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Excerpt from
Profiles in Change:
1983, Alaska Commission on the Status of Women
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Alice Wardlow:

'a sense of empowerment'

Beneath Alice Wardlow's shy smile is a woman who talks knowingly and forcefully about unequal power and violence in human relationships.

Alice Wardlow was born in 1945 in Bethel and lives there today. She works with domestic violence, as outreach coordinator for the Tundra Women's Coalition, and education, as a member of the school advisory board.

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For years, I sat back and passively listened. Today I like to pass on my life experiences.

I got involved with violence issues because my mother was a battered woman for 30 years. She died as a result of the situation.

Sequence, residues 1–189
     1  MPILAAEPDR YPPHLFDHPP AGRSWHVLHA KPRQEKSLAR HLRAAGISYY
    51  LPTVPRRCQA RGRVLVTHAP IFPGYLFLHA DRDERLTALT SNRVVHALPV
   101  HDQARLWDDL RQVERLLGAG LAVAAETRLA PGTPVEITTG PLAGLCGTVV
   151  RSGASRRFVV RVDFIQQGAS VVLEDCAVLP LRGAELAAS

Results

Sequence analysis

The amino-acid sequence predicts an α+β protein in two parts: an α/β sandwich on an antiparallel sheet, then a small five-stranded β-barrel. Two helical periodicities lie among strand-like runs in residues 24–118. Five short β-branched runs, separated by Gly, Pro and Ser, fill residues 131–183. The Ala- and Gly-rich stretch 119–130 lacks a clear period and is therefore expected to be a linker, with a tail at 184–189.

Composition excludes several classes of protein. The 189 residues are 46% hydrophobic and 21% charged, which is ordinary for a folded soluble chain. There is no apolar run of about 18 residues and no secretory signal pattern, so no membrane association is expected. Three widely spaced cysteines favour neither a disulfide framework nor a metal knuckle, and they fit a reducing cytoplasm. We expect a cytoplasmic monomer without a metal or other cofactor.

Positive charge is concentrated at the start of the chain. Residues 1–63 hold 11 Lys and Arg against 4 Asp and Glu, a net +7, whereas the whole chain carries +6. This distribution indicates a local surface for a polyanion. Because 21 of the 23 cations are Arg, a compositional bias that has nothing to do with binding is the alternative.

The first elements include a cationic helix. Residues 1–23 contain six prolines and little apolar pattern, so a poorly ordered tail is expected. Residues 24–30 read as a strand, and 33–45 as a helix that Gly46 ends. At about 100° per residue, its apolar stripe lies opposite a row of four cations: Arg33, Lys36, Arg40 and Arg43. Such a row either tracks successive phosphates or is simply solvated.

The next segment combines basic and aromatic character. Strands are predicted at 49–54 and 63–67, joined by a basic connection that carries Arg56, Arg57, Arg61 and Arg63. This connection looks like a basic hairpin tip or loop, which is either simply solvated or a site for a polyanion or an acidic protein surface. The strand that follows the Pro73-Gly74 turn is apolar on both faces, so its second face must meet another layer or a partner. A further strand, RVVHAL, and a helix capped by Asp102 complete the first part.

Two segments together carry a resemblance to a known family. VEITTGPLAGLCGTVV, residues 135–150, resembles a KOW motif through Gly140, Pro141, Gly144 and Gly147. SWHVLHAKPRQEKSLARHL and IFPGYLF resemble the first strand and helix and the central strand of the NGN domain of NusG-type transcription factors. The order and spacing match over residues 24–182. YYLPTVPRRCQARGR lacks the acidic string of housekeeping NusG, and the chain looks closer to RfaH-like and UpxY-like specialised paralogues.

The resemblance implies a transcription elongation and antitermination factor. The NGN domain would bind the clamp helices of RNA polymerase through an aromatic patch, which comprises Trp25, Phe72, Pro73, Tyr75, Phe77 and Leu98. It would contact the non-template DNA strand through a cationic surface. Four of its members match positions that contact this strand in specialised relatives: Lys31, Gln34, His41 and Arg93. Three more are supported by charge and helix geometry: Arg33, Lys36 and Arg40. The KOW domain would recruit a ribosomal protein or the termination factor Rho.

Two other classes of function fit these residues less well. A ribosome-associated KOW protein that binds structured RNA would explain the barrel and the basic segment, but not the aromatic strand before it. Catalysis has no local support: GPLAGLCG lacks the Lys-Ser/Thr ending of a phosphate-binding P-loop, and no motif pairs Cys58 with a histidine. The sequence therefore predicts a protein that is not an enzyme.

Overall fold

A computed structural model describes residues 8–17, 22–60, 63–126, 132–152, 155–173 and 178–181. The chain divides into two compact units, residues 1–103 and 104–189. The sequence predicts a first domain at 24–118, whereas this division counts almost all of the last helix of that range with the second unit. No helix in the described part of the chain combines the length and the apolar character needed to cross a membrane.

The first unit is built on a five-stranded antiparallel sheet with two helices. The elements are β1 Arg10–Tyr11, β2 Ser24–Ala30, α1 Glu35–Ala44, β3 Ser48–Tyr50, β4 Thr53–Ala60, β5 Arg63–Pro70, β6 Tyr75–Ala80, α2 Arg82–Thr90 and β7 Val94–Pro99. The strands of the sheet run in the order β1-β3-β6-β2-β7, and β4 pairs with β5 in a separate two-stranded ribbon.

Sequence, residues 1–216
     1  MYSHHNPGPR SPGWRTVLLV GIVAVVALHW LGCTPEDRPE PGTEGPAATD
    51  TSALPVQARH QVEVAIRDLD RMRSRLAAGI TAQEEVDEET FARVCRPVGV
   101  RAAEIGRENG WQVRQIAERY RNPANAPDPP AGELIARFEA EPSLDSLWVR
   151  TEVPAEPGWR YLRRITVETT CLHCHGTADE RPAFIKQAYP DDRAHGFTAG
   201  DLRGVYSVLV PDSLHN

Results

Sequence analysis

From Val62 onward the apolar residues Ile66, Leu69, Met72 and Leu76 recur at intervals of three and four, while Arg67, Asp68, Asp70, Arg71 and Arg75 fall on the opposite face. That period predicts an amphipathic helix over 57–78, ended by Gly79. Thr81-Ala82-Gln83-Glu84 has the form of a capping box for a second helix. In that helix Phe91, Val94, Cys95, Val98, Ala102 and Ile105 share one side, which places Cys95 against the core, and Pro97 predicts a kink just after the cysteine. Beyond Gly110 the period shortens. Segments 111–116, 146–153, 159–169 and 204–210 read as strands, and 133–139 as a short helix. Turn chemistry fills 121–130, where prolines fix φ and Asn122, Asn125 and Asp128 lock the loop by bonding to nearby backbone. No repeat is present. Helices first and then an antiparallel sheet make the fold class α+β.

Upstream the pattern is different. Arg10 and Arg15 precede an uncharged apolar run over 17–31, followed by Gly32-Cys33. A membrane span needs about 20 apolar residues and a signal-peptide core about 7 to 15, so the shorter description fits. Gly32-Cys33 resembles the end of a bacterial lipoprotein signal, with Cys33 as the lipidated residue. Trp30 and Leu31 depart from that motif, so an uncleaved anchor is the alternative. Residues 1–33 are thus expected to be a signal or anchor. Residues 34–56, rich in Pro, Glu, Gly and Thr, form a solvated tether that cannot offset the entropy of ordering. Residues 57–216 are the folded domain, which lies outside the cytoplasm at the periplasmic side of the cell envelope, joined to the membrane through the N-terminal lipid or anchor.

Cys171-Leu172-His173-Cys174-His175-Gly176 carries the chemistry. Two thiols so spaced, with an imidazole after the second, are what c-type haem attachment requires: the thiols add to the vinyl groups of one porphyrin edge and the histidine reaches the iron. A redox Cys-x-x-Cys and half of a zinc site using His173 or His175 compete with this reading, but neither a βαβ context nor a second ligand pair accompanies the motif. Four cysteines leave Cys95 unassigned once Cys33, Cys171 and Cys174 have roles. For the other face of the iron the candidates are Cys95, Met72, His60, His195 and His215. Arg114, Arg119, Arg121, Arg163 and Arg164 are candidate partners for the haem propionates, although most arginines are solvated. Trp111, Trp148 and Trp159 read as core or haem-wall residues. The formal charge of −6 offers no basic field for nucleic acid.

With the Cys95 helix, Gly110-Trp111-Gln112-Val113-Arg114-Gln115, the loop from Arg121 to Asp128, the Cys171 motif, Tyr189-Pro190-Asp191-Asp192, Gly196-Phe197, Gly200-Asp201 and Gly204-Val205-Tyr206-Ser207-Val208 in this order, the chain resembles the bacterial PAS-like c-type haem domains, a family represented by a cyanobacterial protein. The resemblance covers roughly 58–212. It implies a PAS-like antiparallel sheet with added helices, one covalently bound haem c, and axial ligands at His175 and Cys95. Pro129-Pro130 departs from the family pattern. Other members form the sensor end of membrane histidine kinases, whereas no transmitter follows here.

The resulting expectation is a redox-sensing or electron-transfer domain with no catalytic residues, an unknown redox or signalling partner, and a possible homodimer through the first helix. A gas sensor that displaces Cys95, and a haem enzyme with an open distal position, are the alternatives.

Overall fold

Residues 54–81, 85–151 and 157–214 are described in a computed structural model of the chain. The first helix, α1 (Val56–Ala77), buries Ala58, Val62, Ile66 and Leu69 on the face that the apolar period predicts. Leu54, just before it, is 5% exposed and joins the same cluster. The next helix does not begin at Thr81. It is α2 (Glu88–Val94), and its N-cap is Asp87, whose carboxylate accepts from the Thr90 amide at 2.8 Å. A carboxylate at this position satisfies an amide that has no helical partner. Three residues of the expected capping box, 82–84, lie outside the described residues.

I went through it myself for a couple of years and got out of the situation. When I returned to Bethel, I volunteered for the Tundra Women's Coalition for three years before I became the outreach coordinator.

My main emphasis is to encourage women in relationships to gain more control in their lives. Violence is really an unequal relationship; it is power over someone or something. In order to transform that situation, women must regain a sense of empowerment in their lives.

There is a lot of talk about returning to traditional values and respect for the elders.

I think both young women and young men should learn basic survival skills and that includes learning how to cook and both partners doing the task of 'housewife.' I have the greatest respect for the elders. And their system worked years ago. They worked as partners. But times have changed and I think we need to learn to do the same with it. The concept of partnership is the same, it just means that both men and women learn how to share in the household chores today.